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I would like to scale a subset of columns in my data.table. There are many of these that I would like to scale so i want to avoid specifying them all by name. The columns that are not being scaled, I would just like to return as is. Here is what I was hoping would work but it does not:

x = data.table(id=1:10, a=sample(1:10,10), b=sample(1:10,10), c=sample(1:10,10))
> dput(x)
structure(list(id = 1:10, a = c(1L, 6L, 10L, 7L, 5L, 3L, 2L, 
4L, 9L, 8L), b = c(4L, 9L, 5L, 7L, 6L, 1L, 8L, 10L, 3L, 2L), 
    c = c(2L, 7L, 5L, 6L, 4L, 1L, 10L, 9L, 8L, 3L)), .Names = c("id", 
"a", "b", "c"), row.names = c(NA, -10L), class = c("data.table", 
"data.frame"), .internal.selfref = <pointer: 0x1a85d088>)

sx = x[,c(id, lapply(.SD, function(v) as.vector(scale(v)))), .SDcols = colnames(x)[2:4]]
   Error in eval(expr, envir, enclos) : object 'id' not found

Any suggestions?

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2 Answers 2

up vote 2 down vote accepted
sx = cbind(x[,-(2:4),with=FALSE],data.table(scale(x[,2:4,with=FALSE])))

I suspect, it would be better for your workflow to melt your data.table to long format.

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awesome, thanks! actually this is the end of the work process. the step after this runs a regression and that's the end of it. –  Alex Mar 17 '13 at 18:51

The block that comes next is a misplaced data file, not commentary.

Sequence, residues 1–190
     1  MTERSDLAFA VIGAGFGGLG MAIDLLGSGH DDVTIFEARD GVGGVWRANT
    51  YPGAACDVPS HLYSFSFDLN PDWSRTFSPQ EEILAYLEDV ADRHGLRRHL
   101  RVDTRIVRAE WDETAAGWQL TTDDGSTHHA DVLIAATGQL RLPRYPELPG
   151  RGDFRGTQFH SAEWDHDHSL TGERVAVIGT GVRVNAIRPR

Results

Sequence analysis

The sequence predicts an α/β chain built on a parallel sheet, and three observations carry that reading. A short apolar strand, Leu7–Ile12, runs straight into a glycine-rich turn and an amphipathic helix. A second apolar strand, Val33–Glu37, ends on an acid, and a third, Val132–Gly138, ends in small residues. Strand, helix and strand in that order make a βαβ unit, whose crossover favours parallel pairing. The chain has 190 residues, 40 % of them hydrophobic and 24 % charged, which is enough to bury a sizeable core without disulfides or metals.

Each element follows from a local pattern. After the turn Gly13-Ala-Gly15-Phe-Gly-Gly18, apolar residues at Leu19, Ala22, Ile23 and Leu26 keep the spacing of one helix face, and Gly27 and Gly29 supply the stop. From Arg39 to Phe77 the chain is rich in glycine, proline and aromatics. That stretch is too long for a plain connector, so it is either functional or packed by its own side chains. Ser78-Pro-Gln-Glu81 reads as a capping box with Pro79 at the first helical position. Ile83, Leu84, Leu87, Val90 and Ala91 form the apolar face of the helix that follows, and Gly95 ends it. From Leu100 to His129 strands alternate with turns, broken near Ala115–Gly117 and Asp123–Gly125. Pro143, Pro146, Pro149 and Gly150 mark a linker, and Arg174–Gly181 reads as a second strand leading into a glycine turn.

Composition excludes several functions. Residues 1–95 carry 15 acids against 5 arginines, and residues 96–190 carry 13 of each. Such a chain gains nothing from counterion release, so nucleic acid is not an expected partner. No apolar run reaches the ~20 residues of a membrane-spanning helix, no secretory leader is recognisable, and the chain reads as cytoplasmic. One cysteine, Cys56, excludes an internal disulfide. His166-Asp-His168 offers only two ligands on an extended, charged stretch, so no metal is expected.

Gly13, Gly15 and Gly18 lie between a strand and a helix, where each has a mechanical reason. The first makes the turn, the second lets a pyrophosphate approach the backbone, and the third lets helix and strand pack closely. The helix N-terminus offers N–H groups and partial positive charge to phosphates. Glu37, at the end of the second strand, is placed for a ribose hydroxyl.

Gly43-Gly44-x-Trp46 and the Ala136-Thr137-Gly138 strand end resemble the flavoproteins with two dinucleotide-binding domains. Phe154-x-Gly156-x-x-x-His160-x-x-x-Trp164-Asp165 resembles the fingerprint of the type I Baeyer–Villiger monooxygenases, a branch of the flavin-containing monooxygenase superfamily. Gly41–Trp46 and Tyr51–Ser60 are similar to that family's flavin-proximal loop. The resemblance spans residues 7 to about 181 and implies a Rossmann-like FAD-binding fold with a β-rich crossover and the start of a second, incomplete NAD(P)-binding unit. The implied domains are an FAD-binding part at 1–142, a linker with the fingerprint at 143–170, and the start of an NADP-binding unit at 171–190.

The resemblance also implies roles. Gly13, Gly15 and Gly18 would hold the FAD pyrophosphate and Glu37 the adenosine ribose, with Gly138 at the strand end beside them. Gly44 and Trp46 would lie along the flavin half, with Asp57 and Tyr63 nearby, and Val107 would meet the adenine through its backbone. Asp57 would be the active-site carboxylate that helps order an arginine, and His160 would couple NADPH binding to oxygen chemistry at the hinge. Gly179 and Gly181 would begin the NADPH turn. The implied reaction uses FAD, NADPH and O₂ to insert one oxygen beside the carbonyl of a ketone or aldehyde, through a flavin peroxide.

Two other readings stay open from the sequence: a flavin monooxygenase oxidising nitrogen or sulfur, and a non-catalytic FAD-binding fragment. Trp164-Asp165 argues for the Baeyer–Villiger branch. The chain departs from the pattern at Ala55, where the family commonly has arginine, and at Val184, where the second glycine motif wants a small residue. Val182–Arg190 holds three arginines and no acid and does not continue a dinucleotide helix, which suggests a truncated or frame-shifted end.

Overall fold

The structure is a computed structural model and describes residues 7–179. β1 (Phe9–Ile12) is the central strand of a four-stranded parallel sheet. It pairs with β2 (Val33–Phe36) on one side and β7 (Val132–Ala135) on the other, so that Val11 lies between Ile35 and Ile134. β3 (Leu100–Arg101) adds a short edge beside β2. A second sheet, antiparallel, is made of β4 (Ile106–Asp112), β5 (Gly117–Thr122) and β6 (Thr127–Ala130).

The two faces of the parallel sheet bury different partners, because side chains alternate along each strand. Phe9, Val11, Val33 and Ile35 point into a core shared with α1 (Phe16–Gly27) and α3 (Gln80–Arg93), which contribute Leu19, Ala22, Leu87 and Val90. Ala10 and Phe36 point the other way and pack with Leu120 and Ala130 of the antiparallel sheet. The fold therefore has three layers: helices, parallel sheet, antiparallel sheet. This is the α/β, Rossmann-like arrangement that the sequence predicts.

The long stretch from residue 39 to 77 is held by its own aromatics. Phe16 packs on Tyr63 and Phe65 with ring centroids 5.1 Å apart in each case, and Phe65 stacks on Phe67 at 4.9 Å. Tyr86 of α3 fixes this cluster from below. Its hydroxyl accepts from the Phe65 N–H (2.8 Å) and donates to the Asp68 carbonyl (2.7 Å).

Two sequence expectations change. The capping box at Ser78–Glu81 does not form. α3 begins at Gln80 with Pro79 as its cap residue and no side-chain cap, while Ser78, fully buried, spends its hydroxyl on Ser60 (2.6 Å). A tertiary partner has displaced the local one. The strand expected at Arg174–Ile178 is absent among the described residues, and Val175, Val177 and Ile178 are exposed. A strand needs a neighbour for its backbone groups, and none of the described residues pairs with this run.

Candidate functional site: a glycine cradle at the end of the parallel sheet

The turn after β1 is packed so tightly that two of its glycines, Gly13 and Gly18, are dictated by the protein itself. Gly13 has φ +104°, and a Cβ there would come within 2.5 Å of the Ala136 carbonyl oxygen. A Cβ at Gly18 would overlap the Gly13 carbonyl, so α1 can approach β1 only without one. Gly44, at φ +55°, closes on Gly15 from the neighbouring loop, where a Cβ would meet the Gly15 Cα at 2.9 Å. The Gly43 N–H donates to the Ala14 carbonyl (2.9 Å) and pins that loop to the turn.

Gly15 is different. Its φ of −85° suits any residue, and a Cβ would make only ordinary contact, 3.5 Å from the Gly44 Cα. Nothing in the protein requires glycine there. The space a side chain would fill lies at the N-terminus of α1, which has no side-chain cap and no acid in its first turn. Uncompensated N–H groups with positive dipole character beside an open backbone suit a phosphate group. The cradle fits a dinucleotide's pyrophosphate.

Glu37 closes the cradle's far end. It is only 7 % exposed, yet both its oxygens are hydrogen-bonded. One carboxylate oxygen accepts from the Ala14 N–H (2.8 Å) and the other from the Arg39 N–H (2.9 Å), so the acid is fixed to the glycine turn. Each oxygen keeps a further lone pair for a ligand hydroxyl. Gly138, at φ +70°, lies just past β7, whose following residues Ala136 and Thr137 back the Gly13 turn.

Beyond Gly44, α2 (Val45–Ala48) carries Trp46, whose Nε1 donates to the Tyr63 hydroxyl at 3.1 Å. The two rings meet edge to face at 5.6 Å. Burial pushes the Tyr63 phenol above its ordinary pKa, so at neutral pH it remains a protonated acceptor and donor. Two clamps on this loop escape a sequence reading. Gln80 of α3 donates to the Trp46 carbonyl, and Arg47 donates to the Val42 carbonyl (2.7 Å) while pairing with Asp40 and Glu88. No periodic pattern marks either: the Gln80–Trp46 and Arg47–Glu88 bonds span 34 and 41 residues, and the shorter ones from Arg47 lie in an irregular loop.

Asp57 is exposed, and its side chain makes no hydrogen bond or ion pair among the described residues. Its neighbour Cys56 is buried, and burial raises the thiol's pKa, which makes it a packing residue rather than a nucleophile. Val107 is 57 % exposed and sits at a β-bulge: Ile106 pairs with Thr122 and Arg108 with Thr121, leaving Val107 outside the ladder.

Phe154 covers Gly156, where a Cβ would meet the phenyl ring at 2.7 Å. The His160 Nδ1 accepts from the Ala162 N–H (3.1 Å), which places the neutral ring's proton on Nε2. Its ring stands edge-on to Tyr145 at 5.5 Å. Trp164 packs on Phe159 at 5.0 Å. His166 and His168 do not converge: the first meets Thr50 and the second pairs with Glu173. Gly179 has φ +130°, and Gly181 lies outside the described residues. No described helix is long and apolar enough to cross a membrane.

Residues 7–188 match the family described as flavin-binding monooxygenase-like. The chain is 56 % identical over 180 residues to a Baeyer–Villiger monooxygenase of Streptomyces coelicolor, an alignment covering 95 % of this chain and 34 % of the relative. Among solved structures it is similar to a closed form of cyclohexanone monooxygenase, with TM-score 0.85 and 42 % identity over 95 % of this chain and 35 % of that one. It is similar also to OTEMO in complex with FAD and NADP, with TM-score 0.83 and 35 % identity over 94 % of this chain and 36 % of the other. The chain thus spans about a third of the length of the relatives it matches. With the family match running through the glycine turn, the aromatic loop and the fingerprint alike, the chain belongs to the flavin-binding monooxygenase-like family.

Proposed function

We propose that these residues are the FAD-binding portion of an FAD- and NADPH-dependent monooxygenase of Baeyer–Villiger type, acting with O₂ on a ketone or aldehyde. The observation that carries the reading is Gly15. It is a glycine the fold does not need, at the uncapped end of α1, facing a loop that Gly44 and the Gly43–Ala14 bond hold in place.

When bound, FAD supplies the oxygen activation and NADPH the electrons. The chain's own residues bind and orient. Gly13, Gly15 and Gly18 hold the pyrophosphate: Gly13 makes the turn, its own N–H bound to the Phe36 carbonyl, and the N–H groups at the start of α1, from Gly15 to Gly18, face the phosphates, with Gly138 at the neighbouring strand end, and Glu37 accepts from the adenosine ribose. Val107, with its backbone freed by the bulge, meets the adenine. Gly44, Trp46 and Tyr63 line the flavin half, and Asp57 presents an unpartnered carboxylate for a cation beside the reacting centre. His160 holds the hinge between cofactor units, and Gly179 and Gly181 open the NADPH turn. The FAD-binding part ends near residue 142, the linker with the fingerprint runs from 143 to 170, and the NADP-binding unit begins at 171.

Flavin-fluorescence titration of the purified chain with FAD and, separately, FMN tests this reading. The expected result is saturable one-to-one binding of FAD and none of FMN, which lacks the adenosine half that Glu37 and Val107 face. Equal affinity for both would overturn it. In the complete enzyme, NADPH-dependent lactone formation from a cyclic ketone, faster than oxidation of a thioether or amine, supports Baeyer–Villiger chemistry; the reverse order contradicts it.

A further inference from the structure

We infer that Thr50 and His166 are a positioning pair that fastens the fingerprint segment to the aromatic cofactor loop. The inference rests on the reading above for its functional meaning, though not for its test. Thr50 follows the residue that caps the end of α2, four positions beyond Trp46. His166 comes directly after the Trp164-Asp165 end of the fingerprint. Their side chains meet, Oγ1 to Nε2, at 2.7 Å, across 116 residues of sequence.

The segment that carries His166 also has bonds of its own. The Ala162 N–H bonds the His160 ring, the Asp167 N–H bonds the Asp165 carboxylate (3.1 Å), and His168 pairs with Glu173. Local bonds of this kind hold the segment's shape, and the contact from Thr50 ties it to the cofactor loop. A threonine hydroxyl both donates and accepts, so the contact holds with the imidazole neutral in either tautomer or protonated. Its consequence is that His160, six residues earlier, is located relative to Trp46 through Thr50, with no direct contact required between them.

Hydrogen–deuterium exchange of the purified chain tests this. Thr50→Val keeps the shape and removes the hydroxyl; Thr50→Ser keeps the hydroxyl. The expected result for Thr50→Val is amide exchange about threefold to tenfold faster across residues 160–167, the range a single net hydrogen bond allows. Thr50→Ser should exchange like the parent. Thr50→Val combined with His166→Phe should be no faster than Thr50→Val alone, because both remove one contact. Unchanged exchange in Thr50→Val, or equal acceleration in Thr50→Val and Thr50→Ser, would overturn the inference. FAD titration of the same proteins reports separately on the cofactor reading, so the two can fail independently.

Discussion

You could also assign by reference in a copy of the data table

sc <- names(x)[2:4]

sx <- copy(x)[ , (sc) := as.data.table(scale(.SD)), .SDcols = sc]

scale returns a matrix and iirc data.table doesn't like matrix columns.


sx <- copy(x)[ , (sc) := lapply(.SD,scale), .SDcols = sc]

[ The brackets around (sc) tell data.table to take the LHS value from the value of the variable in calling scope rather than the column name sc itself. ]

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+1 I only recently discovered we don't even need c(), just () is enough. –  Matt Dowle Mar 17 '13 at 22:09
@MatthewDowle -- I have used {} as well. –  mnel Mar 17 '13 at 22:23
Neat. Will add some documentation somewhere about () and {} then to formalise it. Have also started to use it in i if subsetting by a logical column; e.g. DT[(logicalCol)]. –  Matt Dowle Mar 17 '13 at 22:43
awesome -- thanks! –  Alex Mar 18 '13 at 20:10

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